Number two, we have maybe the most prominent senator in the U.S. Senate, that is John McCain, passing this file onto the FBI. An FBI that's been attacked and sometimes ridiculed by the president-elect of the United States. So we have a decision to pass this on.
Let's flip the tables for a moment there, Michael. Let's say that the FBI director didn't pass this on and the president-elect who has been suspicious of the FBI finds out the other channels, that the FBI is investigating information that Mr. Trump had a relationship with the Russians. What do you think would happen in that circumstance? I think that would be painful at best for the FBI. So I think debatable decision. But the fact that this is under questioning of the United States and Russian involvement and the fact that Mr. Trump has questioned the FBI must have driven federal officials to say if we don't tell the president-elect that this is swirling and he finds out elsewhere, we've got a bigger problem.
SMERCONISH: I will accept Phil Mudd's characterization that this is gossip, and yet I still want to ask John Sipher, does it nevertheless fit the M.O. of Putin that he seeks to gather this kind of data on business leaders, for example, who come to Moscow?
SIPHER: Yes. So this is where I might disagree a little bit with Phil. I do think that information is completely unvalidated and unvetted information that the public has no way of finding out whether it's credible or not. However, the FBI and professional investigative intelligence services can look at that information, and cross reference it, interview people, find out who the sources are and find out what that information is.
But to your question, yes, those of us who lived and worked in Russia and have been under the thumb of the Russian services, the one thing -- this isn't just gossip. This information smacks -- it sounds very real to people who have been there. This is exactly how the Russians operate. Whether that salacious stuff about Mr. Trump is true or not, I doubt it. There's no way of knowing without knowing who those sources are.
[09:15:07] But the feel of this is real. This is how the Russians operate. The Russians -- it's a police state, it's been a police state for hundreds of years. They're the best in the world at this kind of compromising information, of using -- potentially using blackmail, of collecting information on people. When visitors come to Moscow, they can expect to have their hotel rooms bugged, audio, video.
For those of us in the Intelligence Community who worked in places like this, we would go through a long training process to include psychological testing to prepare for having our houses bugged, audio, or having our houses bugged with 24-hour video, being followed everywhere we go. Dogs coming behind wherever we walked to check what we had done. Everybody we talked to being interviewed.
This is how the Russians do this. It's how they have done it forever. And so the strange details that people had read in there that they might make them think this is crazy are not so crazy in the Russian sense.
SMERCONISH: Phil Mudd, take my final 30 seconds. I hope you'll speak to the serious way in which Putin takes these matters, thinking of the Litvinenko case, which is why I wanted the wife to be here -- the widow.
MUDD: Look, I know the widow. I've met her personally. A remarkable human being. Let's be clear here. We're involved in a conversation about whether to remove sanctions against a Russian entity, that has not interrupted the process for a Republican Party or a Democratic Party. They interrupted the Americans' right to vote in a free and fair election that is unimpeded by a foreign security service.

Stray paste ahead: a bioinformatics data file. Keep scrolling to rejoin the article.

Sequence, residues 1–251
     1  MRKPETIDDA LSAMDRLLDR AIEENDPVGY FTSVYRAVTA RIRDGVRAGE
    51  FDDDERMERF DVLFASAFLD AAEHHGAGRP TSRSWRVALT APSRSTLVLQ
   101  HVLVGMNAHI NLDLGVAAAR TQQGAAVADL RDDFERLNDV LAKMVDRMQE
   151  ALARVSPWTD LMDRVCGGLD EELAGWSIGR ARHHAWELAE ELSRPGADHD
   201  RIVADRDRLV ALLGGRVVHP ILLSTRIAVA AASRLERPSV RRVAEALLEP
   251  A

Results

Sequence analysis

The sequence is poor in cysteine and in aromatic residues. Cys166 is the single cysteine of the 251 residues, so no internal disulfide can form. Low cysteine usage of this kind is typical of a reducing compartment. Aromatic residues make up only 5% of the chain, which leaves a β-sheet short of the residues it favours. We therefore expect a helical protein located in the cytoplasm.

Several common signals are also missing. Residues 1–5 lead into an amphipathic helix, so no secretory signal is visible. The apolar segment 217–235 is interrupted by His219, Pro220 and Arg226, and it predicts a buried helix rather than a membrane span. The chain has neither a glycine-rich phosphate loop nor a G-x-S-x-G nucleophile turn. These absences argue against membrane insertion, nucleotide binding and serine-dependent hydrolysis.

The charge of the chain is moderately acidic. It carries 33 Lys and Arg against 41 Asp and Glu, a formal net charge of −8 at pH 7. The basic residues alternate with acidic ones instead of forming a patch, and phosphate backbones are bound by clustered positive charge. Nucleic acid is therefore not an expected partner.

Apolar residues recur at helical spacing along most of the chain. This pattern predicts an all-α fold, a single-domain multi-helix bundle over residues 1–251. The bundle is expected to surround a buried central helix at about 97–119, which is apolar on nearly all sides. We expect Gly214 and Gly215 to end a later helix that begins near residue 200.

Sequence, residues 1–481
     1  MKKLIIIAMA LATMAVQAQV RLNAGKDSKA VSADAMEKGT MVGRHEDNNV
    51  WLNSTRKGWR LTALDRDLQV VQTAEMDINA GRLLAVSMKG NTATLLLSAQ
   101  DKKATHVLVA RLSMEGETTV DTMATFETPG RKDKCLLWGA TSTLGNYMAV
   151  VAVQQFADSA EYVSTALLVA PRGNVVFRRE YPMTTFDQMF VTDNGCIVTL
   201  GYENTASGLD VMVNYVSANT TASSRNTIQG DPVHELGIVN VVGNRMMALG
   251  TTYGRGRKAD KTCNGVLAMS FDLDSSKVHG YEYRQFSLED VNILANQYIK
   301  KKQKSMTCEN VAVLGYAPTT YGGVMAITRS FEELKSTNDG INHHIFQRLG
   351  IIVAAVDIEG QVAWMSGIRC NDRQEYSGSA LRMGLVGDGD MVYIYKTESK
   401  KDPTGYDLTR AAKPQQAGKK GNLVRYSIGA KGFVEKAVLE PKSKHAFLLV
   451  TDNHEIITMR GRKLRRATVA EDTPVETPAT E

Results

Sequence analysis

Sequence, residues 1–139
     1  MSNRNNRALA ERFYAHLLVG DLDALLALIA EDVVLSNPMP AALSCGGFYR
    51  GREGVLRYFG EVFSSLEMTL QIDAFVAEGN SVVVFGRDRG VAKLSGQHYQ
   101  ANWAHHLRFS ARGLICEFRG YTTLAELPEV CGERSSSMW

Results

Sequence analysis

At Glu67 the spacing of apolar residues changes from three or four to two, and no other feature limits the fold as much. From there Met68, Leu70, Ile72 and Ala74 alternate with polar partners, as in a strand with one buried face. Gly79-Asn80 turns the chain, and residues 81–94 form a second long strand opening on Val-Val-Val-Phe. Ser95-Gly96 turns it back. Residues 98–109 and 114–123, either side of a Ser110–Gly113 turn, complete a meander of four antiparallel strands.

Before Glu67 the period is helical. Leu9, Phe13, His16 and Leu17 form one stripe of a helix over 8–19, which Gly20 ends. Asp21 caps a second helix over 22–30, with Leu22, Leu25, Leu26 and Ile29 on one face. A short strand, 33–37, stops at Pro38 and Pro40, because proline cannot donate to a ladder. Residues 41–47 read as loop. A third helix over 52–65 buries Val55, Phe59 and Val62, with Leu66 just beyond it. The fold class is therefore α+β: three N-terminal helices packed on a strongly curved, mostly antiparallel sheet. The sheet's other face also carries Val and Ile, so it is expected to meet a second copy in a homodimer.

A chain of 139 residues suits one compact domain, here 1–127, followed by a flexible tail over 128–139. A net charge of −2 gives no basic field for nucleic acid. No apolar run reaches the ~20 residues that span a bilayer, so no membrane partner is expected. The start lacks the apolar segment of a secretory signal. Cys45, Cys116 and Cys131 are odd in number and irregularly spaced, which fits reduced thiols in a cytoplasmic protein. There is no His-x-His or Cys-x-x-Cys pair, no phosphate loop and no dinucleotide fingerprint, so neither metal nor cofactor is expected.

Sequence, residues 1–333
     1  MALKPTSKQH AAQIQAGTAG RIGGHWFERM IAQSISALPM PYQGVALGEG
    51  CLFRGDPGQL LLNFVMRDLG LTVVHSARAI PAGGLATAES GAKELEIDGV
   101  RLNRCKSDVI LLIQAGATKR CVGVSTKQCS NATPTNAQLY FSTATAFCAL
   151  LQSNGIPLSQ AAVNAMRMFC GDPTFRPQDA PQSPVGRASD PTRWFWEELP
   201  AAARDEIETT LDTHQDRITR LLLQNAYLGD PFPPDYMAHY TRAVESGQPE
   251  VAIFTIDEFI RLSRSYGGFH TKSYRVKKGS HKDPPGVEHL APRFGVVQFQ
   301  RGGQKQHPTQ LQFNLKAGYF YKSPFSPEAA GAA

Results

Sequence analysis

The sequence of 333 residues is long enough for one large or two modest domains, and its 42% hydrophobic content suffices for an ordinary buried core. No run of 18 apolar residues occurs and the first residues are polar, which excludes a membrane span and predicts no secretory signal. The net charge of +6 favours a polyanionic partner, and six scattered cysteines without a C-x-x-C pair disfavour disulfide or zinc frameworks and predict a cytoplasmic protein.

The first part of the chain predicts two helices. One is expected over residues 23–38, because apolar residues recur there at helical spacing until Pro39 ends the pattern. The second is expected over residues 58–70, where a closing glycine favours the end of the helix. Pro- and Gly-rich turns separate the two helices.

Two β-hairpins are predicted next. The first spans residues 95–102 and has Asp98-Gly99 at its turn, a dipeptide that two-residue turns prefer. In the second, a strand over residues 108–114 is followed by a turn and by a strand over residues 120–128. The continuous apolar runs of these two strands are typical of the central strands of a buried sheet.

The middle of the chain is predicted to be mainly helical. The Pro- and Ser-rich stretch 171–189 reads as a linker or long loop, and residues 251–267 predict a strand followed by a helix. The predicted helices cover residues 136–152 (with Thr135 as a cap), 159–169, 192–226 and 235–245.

This is serious business led by a dictator in Russia who murders opponents. Let's not take this lightly, Michael. In your first interview this morning highlighted that. This is not a political game, this is real life.
SMERCONISH: Thank you, gentlemen. Appreciate you being here.
Up ahead, did FBI Director James Comey's actions and inactions change the results of the U.S. election, and should he now resign?
(BEGIN VIDEO CLIP)
REP. MAXINE WATERS (D), CALIFORNIA: It's classified. And we can't tell you anything. All I can tell you is the FBI director has no credibility.
(END VIDEO CLIP)
[09:20:07] SMERCONISH: Should FBI Director James Comey resign? That's what "The Wall Street Journal" urged in an editorial yesterday, quote, "If the FBI director has demonstrated anything in the last year, it's that he has lost the trust of nearly everyone in Washington along with every American who believes the FBI must maintain its reputation as a politically impartial federal agency.
The Justice Department inspector general now reviewing how Comey comported himself with regard to the investigation into Hillary Clinton's private e-mail servers. Among the areas of inquiry, how just 11 days before the election Comey sent to Congress notification of newly discovered e-mails, only to then say eight days later they haven't amounted to anything.
And there's now evidence that while he was doing that, the FBI was also investigating Donald Trump's ties to Russia, but Comey never made any of that public. And on Friday when he met behind closed doors with members of Congress, he refused to answer their inquiries.
Joining me now, former United States attorney general under President George W. Bush, Michael Mukasey.
Judge, there are three areas of inquiry by the inspector general. And one pertains to FBI Director Comey's July press conference. Let's watch this video and remind us all of what he said.
(BEGIN VIDEO CLIP)
JAMES COMEY, FBI DIRECTOR: Although we did not find clear evidence that Secretary Clinton or her colleagues intended to violate laws governing the handling of classified information, there is evidence that they were extremely careless in their handling of very sensitive, highly classified information.
(END VIDEO CLIP)
SMERCONISH: He said that the circumstance called for unusual transparency, hence he stood up and he offered that explanation. Did he cross a line?